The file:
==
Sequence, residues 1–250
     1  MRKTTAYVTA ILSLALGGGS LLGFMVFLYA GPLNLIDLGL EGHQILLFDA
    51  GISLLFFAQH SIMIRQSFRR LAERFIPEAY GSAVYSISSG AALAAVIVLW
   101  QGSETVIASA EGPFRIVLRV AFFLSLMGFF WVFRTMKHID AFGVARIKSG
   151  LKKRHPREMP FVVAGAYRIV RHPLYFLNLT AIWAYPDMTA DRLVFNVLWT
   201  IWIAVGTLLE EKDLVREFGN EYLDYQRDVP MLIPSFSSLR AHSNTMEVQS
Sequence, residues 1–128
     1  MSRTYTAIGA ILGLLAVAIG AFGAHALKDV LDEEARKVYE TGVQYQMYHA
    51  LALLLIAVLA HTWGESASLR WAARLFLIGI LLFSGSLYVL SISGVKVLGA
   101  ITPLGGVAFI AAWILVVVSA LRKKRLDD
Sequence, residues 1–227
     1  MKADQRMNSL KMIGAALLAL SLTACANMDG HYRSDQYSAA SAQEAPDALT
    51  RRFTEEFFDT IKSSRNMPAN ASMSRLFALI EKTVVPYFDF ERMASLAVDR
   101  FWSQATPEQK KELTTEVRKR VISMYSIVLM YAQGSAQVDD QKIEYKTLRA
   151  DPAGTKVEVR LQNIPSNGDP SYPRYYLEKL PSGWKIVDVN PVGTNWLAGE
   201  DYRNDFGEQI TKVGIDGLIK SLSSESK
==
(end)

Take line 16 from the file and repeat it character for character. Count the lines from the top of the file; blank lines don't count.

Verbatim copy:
   201  DYRNDFGEQI TKVGIDGLIK SLSSESK